I’ve been thinking that I’m behind the curve when it comes to actually listening to music anymore: a victim of the “digital ease” age. It’s easy to just keep a menagerie of music in my iMacs and play them out of relative cheap desktop speakers. In my office, I have speakers that stand about 2 inches high and they’re hooked to my desktop computer. I have a huge supply of music and I just let it run during my day, mostly in the background.
My ears have grown accustomed to music the fidelity of which is about the same as a car radio. But as it turns out, the “real” fidelity of digital music is incredibly bad once you have something to compare it too.
The advent of iTunes has killed “high fidelity” as I remember my dad exploring it in the 50s with tube amplifiers and incredibly big speakers fed through enormous turntables. Highly compressed (for portability) MP3 music files lose a LOT of fidelity in the process. Even the music on garden variety CDs is pretty crummy compared to what it could be. The vast majority of the speakers they’re played through are junk, including and especially ear buds.
Music purchased through iTunes or over Internet radio contains a fraction of the total sound information captured in the studio — as little as 3% of the original. Even CD formats contain as little as 10% of the original information so it can be contained on a 4 3/4-inch disc.
It dawned on me that there must be more to musical life than Pablum in a world otherwise filled with sirloin, so I started sniffing around the erudite world of “audiophiles”.
To begin with, digital music is capable of “high fidelity” in the form of uncompressed audio files such as FLAC, WAV, AIFF, and “Apple Lossless files” but there are two problems. Space and bandwidth. It takes a LOT of space to contain these files and the equipment required to play them to their maximum extent is expensive.
Aging 60s rocker Neil Young has led the charge to affordable players for uncompressed music files for the past several years. Young filed six trademarks with U.S. Patent and Trademark Office in 2012, all of which would offer a higher quality audio alternative to mp3 files, but none have reached the marketplace yet. He’s starting to release albums on Blu-Ray for better sound quality and his high-resolution player is said to be in the works for 2014.
Then comes the re-emergence of “audiophile” 33-1/3 vinyl discs. Yes, vinyl is definitely coming back, and in extremely high-resolution format, said to be as close to studio quality as it’s possible to get.
They’re going all the way back to the 50s and finding the original master tapes, then putting them on vinyl in an amazingly lossless high tech process no one dreamed of back in the day. What you hear is as if you were standing in the control booth watching Linda Ronstadt in 1976. They now cost about US$30.00 each. The “sound” is said to be amazing and spectacular (I have not heard one yet).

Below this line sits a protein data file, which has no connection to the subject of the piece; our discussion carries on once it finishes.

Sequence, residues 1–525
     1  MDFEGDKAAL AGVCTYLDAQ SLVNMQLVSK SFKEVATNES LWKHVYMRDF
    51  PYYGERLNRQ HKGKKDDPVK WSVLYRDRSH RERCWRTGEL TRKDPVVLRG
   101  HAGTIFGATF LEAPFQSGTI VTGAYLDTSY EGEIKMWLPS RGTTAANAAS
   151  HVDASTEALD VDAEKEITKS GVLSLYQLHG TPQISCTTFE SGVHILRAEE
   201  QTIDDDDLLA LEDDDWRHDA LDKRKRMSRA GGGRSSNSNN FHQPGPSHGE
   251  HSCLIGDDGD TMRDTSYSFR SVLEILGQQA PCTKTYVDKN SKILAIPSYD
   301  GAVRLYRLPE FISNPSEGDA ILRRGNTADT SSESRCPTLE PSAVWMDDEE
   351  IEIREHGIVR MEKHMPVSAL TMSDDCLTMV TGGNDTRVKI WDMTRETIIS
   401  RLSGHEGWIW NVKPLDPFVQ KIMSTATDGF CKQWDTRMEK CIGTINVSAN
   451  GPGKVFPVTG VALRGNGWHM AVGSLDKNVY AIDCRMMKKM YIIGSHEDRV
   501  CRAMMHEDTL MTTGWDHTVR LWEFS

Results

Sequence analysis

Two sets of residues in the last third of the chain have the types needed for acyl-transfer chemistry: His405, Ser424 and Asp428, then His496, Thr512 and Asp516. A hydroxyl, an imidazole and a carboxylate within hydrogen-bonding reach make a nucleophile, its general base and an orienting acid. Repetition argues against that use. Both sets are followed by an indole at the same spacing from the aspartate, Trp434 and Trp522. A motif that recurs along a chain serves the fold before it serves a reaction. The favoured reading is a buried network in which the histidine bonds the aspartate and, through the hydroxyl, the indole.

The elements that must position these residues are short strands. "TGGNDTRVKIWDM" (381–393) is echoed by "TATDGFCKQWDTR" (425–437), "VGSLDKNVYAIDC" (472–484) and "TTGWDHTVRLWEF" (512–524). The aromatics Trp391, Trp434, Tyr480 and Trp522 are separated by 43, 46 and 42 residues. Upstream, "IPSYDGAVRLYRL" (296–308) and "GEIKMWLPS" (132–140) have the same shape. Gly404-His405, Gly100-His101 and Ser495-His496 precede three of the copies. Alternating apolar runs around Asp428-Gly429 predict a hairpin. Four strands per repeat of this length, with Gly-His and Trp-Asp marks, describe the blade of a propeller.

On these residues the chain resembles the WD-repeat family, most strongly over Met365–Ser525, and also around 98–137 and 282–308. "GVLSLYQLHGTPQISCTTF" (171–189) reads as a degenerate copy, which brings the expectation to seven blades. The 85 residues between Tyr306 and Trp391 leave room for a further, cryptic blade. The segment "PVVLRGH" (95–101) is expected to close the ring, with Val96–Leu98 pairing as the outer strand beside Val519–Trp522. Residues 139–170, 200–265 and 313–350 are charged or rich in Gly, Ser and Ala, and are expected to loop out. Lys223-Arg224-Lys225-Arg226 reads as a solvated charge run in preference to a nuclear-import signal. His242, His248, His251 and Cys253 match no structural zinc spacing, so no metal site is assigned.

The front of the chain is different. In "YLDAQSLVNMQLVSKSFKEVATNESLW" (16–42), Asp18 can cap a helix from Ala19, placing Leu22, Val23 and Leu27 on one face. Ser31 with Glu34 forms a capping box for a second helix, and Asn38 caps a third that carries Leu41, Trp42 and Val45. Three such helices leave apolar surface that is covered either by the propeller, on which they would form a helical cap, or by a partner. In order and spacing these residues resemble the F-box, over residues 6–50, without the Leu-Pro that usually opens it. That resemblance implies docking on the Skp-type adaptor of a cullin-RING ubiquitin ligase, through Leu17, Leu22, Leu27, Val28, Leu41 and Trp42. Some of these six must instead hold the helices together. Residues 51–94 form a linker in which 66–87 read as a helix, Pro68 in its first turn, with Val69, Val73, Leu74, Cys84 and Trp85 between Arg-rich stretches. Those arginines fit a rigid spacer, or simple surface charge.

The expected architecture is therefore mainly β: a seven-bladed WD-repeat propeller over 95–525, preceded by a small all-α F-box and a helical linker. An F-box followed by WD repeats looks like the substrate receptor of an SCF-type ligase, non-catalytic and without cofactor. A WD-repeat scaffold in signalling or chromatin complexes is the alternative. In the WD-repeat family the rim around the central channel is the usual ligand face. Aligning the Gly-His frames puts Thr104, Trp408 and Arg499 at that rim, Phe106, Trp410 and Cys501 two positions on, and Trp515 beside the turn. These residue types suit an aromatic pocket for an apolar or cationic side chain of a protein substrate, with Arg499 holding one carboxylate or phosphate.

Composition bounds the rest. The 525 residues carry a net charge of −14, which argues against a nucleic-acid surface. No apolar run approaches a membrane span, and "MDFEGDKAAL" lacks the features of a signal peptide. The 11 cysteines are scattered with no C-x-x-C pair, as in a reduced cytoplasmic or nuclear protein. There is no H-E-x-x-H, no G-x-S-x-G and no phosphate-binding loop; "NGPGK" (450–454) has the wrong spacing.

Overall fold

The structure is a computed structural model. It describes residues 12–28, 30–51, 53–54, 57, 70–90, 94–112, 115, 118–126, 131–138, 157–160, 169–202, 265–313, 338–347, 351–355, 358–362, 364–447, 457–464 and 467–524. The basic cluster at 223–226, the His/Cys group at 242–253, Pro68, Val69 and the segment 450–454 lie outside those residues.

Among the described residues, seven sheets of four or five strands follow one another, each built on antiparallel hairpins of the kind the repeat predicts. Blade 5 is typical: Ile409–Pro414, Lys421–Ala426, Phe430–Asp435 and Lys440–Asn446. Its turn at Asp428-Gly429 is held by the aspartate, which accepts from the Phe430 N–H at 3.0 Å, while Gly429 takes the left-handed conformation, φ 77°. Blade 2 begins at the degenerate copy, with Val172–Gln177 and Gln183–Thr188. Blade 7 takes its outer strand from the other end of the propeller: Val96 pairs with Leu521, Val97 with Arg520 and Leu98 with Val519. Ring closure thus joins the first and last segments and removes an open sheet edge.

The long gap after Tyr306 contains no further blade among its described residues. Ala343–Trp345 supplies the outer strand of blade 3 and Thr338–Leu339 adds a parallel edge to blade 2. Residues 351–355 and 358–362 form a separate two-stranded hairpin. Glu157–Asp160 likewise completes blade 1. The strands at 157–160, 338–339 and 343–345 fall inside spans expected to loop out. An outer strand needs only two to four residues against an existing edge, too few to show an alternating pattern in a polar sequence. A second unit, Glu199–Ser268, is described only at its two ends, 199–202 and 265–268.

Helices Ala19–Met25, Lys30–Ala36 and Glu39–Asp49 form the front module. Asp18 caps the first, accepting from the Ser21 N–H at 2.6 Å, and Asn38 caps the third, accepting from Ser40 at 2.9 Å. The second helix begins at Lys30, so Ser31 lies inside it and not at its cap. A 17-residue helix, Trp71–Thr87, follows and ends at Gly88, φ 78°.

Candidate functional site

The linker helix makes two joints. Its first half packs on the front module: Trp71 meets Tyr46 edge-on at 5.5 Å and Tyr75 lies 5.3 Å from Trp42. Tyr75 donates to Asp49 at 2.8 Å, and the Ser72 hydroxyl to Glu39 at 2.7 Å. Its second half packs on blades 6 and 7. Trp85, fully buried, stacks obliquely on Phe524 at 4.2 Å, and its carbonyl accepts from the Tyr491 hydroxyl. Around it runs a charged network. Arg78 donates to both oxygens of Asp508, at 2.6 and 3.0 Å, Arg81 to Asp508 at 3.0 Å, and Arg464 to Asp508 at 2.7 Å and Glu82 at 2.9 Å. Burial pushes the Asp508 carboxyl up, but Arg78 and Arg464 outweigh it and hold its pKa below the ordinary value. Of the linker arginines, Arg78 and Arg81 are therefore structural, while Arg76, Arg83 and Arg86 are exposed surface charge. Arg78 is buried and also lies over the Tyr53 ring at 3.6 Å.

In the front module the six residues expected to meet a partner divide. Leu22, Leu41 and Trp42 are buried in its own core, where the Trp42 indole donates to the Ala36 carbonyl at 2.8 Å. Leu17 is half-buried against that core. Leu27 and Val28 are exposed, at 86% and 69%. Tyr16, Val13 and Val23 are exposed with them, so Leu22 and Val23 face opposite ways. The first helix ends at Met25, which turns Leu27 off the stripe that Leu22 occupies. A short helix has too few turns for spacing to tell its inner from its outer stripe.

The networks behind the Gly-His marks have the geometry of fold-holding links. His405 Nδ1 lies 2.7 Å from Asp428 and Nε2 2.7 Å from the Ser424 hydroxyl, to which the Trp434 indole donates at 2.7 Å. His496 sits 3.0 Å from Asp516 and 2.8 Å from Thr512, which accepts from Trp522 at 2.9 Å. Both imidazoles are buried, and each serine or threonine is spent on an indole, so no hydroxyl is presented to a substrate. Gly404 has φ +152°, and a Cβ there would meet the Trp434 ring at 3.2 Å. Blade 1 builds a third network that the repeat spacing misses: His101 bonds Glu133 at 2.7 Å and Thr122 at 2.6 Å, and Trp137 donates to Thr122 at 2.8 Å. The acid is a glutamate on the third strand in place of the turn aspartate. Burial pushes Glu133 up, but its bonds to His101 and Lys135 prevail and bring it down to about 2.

As the discussion proceeds, we’re now talking about the rarified air of hardware for the discriminating listener. With a little research, three things become apparent. There is no limit to the ability of hardware to reproduce sound fidelity, there is no limit to the amount of money that can be spent to do so but there is a limit to what my aging ears are capable of discerning. A perusal of the available hardware is fascinating (especially the cost). You can easily pay US$10,000 for a set of speakers. Many of the hard core literally build their houses around US$350,000 audiophile hardware.
There is simply no discernable point of diminishing returns. The more you pay, the more rarified audio acuity you can get. But at some point, the line on the graph heading up into infinity exceeds sanity, especially since I only listen to 60s and 70s classic rock. Not exactly the same fidelity required might be the entire New York Philharmonic playing Beethoven at 100 decibels.
Interestingly, all my research eventually led to the same place it did for my dad in 1956 when my mother was loudly predicting the end of the world at the hands of the Prince of Darkness, Elvis. McIntosh Audio. (Note different spelling- not to be confused with Macintosh Computers). In the end, when you’re seeking high end, all paths lead to McIntosh and once that obsession becomes manifest, an emptying of your wallet.
Back in the day, the high-end amplifiers were all vacuum tube driven. They were big and heavy and required equally big pre-amplifiers to drive them into enormous stereo speaker cabinets. My father ate peanut butter sandwiches for months to afford what was then a rudimentary McIntosh setup. Tell the truth I can’t remember what it sounded like but I remember him reposing for hours in a darkened room enjoying it.
So I decided to dip my toe in these waters with a relatively entry-level McIntosh combo unit that will play uncompressed digital files (for me, FLAC “Free Lossless Audio Codec” files) on my iPad and iPhone. Each of these files are not completely uncompressed but somewhere in the range of “better” to “much better” than straight up MP3. Not even close to vinyl but cheaper.
The unit allows wireless loading with FLAC files from either an IPhone or iPad.
It sounds absolutely amazing. So this will give me a taste of audiophile. Someday if I save my pennies and dimes (US$100 bills) I might look into building a full McIntosh system with a high-end phono player for the emerging mastery of vinyl.
It’ll be in my Scaife office around Christmas week. Drop by and I’ll give you a quick lesson in the difference between MP3 and FLAC.